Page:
A California State University, Northridge professor of elementary education is working with the state Department of Education to increase local elementary students’ interest and achievement in science, technology, engineering, art and math — what educators call STEAM. Professor Susan Belgrad has partnered with participating principals and teachers since 2015 to apply curriculum and instruction that engages students in the real-life aspects of STEM learning.
In 2015, the state awarded CSUN’s Michael D. Eisner College of Education nearly $500,000 to advance science education for underrepresented minority students. Project partners include the Los Angeles County Office of Education and Los Angeles Unified School District (LAUSD) as well as science, technology, engineering and math (STEM) organizations such as the DIY Girls, Sally Ride Science, Families in Schools and the Discovery Cube Los Angeles.
Along with colleagues Matthew d’Alessio from the College of Science and Mathematics, and Ray Brie and Nathan Durdella from the Eisner College, Belgrad invited five LAUSD elementary schools to participate in their “Achieve through PLCs” project. The CSUN team helped enhance science and engineering curricula and instruction at Victory Boulevard Elementary, Haddon STEAM Academy, Stanley Mosk Elementary, Plummer Elementary and Haskell STEAM Magnet.
A professional learning community (PLC) is a group of educators or administrators who meet regularly to share knowledge and collaborate to improve teaching skills and student academic performance.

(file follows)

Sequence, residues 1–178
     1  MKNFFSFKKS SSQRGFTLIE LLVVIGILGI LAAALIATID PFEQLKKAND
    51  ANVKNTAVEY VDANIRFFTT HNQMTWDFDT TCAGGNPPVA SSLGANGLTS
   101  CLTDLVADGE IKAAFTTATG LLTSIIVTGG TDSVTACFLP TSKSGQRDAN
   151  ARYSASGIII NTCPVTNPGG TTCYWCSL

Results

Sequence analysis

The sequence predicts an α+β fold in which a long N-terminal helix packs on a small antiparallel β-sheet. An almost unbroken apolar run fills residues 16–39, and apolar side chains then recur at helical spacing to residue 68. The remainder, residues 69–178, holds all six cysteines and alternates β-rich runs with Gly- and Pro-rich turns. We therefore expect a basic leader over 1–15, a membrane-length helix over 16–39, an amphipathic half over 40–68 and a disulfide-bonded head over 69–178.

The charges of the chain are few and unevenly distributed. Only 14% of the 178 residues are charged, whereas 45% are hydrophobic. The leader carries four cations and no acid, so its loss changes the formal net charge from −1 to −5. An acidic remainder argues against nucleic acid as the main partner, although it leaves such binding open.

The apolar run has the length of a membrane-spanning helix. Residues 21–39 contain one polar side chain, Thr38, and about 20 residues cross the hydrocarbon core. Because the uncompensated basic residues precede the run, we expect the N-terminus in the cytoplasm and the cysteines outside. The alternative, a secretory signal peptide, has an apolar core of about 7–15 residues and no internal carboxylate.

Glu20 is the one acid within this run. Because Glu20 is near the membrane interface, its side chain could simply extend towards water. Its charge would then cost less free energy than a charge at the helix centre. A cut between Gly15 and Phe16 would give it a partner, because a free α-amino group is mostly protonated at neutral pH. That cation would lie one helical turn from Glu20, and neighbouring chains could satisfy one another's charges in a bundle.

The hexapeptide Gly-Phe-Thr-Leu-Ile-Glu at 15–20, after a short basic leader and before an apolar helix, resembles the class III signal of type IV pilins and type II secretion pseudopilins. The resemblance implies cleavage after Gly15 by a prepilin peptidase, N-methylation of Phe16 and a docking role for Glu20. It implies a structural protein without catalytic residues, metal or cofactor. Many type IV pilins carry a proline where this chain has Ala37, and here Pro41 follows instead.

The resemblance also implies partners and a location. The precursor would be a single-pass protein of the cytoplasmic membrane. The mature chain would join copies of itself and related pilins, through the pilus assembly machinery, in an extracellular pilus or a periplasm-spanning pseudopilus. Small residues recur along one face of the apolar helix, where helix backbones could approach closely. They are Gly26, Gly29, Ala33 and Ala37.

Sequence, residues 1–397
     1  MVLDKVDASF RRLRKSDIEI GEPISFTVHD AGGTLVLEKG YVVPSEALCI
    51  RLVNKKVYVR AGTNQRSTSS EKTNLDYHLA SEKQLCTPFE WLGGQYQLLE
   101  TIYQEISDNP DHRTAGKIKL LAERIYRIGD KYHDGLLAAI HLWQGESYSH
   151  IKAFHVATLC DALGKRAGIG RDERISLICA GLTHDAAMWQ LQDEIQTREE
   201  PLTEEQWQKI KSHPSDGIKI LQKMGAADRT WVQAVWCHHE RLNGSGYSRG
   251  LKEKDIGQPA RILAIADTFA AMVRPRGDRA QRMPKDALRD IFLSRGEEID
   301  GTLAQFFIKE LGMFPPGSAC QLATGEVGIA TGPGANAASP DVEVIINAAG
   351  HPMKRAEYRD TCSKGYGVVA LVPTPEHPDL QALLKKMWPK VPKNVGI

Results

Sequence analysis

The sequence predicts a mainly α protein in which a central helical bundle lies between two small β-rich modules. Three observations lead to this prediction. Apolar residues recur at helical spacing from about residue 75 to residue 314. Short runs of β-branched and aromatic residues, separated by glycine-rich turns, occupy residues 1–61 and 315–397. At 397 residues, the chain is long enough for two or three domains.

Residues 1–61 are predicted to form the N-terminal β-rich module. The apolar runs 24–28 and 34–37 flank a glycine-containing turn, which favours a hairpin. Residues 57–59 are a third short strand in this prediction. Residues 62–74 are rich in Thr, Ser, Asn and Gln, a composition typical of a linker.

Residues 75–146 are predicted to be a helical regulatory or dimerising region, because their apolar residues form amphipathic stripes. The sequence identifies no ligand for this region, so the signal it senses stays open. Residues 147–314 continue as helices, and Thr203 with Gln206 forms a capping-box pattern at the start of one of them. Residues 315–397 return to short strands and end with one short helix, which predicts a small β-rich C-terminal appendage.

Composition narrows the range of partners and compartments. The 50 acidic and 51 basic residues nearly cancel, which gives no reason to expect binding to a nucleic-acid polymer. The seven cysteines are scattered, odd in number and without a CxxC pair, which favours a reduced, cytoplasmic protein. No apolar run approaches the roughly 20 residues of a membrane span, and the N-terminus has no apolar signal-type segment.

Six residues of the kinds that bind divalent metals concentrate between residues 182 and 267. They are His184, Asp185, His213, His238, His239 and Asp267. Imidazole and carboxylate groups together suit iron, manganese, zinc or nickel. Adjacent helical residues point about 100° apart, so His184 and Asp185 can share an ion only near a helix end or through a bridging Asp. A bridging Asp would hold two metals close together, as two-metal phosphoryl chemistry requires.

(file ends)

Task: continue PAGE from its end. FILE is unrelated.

To celebrate the culmination of the five-school project in October, Belgrad and CSUN colleagues and the Los Angeles County Office of Education officials invited LA-area educators to a regional conference for K-6 multiple subject teachers.
“The teachers and principals at our conference presented knowledge and strategies learned from our partners, to increase elementary student interest and achievement in STEM-integrated curricula,” Belgrad said.
“They are also addressing key ways to create STEM-focused professional learning communities that include teachers, parents and school leaders,” Belgrad added.
The conference featured an array of workshops, such as “Learning Through Robotics,” as well as hands-on projects such as “Waves,” where attendees had the opportunity to retrofit a wall to withstand an earthquake.
One of the most significant workshops at the conference, Belgrad said, was “How to Lead a STEAM Professional Learning Community.” Administrators at three of the five partner elementary schools shared stories to help attendees understand how to establish and maintain a professional learning community at their school.
Song Lee, vice principal at Haddon STEAM academy in Pacoima, shared her experiences with the project and talked about how the teachers use professional learning at Haddon.
“For us, a professional learning community is not just, ‘let’s get together and talk about a lesson,’” Lee said. “We actually have the lesson and demo for each other so we can get that constructive feedback.”
On Oct. 28, the Discovery Cube LA and CSUN celebrated their partnership by hosting the first of what Belgrad said she hopes will be a growing annual event. The event featured fun activities like a jumper obstacle course, as well as scientific experiments such as pH testing of different drinks. The Discovery Cube LA is located in Sylmar. For more information, please visit the DCLA website.